TOKYO-2017 Advertising / Self-Promotion

Police Boxes

  • Prize
    Bronze in Advertising/Self-Promotion
  • Photographer
    Douglas Vernimmen

Police Boxes have been used in the U.K. mostly during the 20th century. These were used as telephone boxes for the people who wanted to contact the main police office and as small offices for police officers filling reports and having lunch. They were also used for locking criminals until the police transport arrives. These are cast iron, originally blue, with a light on the top. Although a few remain in the U.K., Edinburgh has the most impressive collection, whereas only four, of a square shape, remain in Glasgow. Those of Edinburgh have a rectangular shape, and were designed by Ebenezer James MacRae. They were produced in 1937 at about 90 specimens across the city. Today, most of them still remain. The Lothian and Borders Police sold the first set in 2012, and the second set in 2014. Those located in strategic locations have been converted in mini shops, mainly coffee boxes. The others are not used, but get regularly repainted, sometimes with an artistic design like those found at Pleasance and Leith Walk. Others have been left without care. Most of them are located in central Edinburgh and a few others dispersed around the city centre.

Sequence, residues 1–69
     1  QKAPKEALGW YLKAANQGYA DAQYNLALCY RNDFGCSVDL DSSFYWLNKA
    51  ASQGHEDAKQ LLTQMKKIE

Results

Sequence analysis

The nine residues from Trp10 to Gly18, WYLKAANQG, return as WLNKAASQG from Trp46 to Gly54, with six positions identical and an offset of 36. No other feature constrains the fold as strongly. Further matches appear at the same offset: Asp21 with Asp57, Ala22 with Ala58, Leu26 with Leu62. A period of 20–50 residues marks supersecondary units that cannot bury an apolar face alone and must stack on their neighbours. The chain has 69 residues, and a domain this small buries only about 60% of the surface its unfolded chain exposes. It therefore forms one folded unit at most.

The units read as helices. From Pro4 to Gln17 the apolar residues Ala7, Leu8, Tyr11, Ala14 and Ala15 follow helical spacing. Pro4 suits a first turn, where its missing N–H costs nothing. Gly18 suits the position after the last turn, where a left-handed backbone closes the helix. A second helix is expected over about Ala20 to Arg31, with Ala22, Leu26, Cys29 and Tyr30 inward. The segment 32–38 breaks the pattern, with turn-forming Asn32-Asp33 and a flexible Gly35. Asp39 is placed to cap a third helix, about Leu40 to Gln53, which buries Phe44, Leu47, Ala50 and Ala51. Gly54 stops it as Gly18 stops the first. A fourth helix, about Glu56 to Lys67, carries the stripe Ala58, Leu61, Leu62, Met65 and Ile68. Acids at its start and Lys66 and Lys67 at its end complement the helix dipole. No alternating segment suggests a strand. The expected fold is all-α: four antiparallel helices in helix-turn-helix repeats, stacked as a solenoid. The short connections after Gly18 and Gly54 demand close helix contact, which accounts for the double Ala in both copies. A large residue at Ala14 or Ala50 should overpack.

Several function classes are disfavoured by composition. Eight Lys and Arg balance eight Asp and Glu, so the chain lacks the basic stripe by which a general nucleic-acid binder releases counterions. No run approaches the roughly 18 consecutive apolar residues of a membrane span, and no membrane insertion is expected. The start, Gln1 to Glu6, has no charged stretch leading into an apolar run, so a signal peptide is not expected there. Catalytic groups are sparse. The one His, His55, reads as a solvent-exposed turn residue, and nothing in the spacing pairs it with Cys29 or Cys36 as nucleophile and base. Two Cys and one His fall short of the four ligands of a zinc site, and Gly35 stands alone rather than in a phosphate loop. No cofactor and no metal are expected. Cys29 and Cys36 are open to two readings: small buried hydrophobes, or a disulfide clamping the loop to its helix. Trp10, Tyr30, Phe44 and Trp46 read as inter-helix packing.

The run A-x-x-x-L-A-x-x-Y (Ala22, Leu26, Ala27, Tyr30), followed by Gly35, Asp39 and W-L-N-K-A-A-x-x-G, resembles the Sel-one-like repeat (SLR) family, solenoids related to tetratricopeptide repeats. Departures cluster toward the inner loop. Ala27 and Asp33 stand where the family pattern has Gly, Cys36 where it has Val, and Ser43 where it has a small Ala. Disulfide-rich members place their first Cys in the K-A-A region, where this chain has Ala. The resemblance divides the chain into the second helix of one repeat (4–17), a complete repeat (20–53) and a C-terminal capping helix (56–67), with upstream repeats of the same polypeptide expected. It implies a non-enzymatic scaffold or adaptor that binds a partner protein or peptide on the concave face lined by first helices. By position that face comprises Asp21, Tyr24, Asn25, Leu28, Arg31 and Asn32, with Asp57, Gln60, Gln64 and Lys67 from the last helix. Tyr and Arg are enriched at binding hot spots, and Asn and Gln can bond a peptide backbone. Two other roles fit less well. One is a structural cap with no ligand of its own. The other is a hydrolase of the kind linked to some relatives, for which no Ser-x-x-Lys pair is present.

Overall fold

Originally from Belgium, Douglas Vernimmen gained his Ph.D. at the University of Li├Ęge before coming to Oxford to continue his studies. He developed an early interest in photography, and his work has been selected in about a hundred salons of photography covering 50 countries from Asia to the USA. Douglas is currently based in the beautiful City of Edinburgh.